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What we want to see from the possible SteamPal handheld from Valve

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You've all seen the rumours by now, and apparent confirmation from Ars that Valve has been working on the SteamPal, a Linux powered handheld that could be released this year. Here's a short list of what we want from it.

Steam Machines and SteamOS were ultimately a failure, for many reasons. The whole thing was confusing for both users and consumers with multiple models, and most of them wanted far too much money. What will be different this time? How can Valve actually make it work?

This time around at least, it looks like Valve are entering a market that's still relatively in its infancy. However, it's clearly popular with more hardware vendors showing prototypes and the GPD Win series continues showing how a smaller vendor can make it happen. If Valve really do enter, they would be positioned well considering they know how to produce their own hardware after the Steam Controller, Steam Link and now the Valve Index too. Doing it directly with only one model or perhaps two with a higher model would already solve a lot of their original Steam Machine issues. Let's say that's the first thing we want: make it clear. Get the marketing right this time, and actually continue marketing it unlike before.

Game support is something that suffered originally. We had porters like Feral Interactive and Aspyr Media come onboard thanks to Steam Machines but they simply weren't enough. This time, we have a vast library of supported indie games, a couple AA/AAA and then there's Steam Play Proton too. However, realistically, we still need that direct support and porting effort from developers to ensure the games work as good as they can on the hardware, especially since this won't be top-end stuff. Still, with Proton, there is at least that ability to play more than what's supported and the ability to is vitally important to make a SteamPal actually worth even thinking on to purchase.

Having good game support is the single most essential thing. People don't want to wait around for shaders to compile when you hit play, stuttering while Proton/DXVK builds up a cache will be very noticeable on the hardware too and no doubt be the source of many poor reviews. Having developers build and optimize for it will end up essential to making it a win overall.

Another serious point to think on is online gaming. This is a sore spot right now. I can only imagine the reviews of "you can't play x or y, the most popular online games" which will be due to the likes of Easy Anti-Cheat and BattlEye. Perhaps though, since Valve will fully control the kernel they can have it all signed in a particular way that anti-cheat systems can hook into it. However, that could then split things between desktop Linux and a SteamPal. It's both exciting to think on for support and concerning.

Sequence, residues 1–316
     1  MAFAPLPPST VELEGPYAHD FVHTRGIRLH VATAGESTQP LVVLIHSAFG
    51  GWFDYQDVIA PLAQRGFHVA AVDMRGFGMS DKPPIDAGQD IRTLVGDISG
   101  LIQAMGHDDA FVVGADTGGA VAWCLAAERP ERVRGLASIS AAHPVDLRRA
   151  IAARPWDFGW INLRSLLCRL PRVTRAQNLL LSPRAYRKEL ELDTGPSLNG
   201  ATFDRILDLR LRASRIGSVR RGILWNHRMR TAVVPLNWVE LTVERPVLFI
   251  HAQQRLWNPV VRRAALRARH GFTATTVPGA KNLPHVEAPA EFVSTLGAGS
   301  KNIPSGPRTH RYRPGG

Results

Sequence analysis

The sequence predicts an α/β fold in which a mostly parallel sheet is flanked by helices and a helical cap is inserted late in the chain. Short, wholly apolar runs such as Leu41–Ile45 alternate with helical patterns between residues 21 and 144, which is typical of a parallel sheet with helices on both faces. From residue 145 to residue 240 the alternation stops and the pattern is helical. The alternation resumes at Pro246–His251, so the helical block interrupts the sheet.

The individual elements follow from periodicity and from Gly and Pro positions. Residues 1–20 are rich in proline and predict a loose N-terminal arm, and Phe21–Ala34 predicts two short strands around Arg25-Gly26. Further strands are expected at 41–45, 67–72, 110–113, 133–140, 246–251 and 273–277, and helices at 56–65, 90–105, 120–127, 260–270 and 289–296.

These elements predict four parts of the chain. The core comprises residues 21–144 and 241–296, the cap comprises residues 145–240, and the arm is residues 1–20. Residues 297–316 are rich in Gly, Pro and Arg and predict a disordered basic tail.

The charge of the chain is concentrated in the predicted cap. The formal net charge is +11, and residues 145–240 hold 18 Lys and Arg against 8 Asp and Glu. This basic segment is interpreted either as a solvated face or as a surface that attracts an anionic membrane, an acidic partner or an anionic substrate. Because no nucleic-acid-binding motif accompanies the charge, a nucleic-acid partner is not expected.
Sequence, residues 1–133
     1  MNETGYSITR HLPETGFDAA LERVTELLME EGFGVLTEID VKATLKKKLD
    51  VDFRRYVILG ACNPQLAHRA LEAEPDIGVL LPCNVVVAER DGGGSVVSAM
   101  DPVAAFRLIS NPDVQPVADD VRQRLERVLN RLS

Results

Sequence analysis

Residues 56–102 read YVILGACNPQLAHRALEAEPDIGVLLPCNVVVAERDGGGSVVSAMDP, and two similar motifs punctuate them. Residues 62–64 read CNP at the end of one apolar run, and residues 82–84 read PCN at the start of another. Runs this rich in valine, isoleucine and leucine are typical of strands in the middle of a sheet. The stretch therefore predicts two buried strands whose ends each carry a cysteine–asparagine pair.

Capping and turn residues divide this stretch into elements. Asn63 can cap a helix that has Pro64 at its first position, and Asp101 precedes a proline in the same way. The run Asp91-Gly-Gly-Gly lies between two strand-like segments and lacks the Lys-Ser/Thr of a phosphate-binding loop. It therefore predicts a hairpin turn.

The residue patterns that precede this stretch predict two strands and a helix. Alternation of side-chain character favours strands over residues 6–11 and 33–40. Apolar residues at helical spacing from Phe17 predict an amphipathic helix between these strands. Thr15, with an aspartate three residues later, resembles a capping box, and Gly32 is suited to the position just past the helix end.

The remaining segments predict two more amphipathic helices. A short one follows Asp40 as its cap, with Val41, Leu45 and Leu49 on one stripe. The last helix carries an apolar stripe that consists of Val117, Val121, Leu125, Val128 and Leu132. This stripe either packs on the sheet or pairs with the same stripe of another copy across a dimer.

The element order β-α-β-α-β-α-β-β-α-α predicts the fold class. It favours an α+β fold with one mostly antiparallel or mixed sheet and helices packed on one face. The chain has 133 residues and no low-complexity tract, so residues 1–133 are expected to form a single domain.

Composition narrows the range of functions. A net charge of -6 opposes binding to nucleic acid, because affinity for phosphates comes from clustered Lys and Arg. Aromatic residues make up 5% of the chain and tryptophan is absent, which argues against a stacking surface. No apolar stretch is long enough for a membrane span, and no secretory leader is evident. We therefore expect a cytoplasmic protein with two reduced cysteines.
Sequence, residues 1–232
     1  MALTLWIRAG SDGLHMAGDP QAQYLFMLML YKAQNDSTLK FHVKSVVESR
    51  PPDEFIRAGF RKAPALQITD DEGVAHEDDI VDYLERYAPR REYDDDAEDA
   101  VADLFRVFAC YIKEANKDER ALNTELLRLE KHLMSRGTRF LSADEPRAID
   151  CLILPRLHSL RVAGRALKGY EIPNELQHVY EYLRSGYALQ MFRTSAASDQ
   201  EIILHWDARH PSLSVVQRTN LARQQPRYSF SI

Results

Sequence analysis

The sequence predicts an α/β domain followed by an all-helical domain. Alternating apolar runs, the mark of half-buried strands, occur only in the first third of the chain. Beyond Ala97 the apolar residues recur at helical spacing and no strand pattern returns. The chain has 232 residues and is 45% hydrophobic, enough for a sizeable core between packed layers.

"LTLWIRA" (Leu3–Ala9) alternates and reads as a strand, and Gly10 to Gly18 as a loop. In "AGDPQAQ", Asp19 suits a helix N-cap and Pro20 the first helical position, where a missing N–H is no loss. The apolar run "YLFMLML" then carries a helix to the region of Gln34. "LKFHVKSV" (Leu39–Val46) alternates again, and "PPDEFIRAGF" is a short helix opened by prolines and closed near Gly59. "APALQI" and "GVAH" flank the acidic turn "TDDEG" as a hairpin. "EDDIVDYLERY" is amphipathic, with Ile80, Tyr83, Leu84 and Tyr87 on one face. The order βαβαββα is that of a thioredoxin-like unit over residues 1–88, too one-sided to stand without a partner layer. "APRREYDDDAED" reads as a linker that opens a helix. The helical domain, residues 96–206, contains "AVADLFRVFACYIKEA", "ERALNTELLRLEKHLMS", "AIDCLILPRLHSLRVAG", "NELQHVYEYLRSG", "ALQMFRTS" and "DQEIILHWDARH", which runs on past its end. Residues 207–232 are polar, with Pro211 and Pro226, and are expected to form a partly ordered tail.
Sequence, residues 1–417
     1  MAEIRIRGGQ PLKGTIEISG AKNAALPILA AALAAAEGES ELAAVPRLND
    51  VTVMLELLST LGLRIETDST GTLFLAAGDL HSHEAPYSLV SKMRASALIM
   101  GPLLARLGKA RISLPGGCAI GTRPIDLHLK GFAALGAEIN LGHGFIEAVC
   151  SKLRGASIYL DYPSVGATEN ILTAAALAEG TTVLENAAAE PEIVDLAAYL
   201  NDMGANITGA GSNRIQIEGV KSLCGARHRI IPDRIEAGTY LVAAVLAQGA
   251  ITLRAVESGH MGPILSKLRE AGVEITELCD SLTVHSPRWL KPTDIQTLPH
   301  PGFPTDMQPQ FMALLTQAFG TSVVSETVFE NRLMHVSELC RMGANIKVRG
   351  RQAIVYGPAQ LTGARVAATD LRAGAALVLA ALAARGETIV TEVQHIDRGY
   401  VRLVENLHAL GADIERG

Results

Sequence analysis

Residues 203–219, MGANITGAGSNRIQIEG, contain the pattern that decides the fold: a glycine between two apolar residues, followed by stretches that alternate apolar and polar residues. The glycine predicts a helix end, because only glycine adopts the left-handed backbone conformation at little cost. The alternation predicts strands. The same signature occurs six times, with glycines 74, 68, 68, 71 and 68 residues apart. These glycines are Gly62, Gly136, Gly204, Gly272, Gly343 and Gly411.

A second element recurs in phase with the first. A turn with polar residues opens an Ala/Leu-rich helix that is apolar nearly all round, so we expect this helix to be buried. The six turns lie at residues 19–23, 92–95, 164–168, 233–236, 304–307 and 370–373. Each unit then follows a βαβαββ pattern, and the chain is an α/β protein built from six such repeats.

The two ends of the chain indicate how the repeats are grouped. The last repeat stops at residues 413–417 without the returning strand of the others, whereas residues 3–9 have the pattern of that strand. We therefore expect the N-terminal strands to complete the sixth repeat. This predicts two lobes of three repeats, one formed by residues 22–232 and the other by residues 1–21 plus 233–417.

A Steam Game Pass, yup, something like that I think would be in some way needed. Other consoles have a form of it, Valve allows it on Steam already with the likes of EA Play, it would make sense for Valve to have one to not only pull in even more money but to give users access to a library of games right away for a SteamPal when they signed up. Either that, or team up with a bunch of developers to give free copies to those who buy one.

Keep the desktop mode. Please. That was actually a highlight of SteamOS originally. You get the console-like experience, with the option to dive into a normal desktop if you want to do other things. That would extend the possibilities of what you can do with a Valve SteamPal. I think removing that would be a mistake, as long as they lock-down the SteamPal SteamOS side of things so that users can't break it and as easy system-refresh option to set things back to normal.

Send loads out to developers long before release. Gosh I hope they're doing this. How do you get people interested in supporting it? Give them developer kits. Other console makers do this for good reason.

Some form of external streaming media support out of the box. Yes, I know, that the main point is gaming but we're long past the point of such single-use devices. People will expect the likes of Netflix and others to work. So get it sorted before release. It was a sore spot for the original Steam Machines.

I don't think I really need to put down "use a Linux operating system" as a thing we want from it do I? It's pretty obvious it will be. So, SteamOS 3? Let's say I want that to be real and to still allow others to download it and install it just like they could before. Oh, and duh: please don't be a failure.

Don't be too big. I can't stress this enough. The Nintendo Switch is just about right (except the terrible to hold Joy-Cons that is when in portable mode). Any bigger and it would be far too unwieldy and likely defeat the point. That is one thing I am genuinely worried about. Valve could get a little too screen-happy with it but I hope they're being smart about this one.

Just a few thoughts to get it out there to stop the mind from spinning on it, no doubt we will all have more we want and expect from it over time. They key though is to not expect too much. It is, after all (if real), a handheld! We can't expect magic from it, as it will be limited in terms of what power it can cram into the casing.

Over to you in the comments: what do you want from it?

Article taken from GamingOnLinux.com.
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86 comments
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Liam Dawe 11 Jun
Quoting: CatKillerOn shader compilation: Steam already downloads pre-compiled shaders if your machine has a familiar configuration. This would definitely have a familiar configuration, so it shouldn't have to compile its own shaders for games from Steam.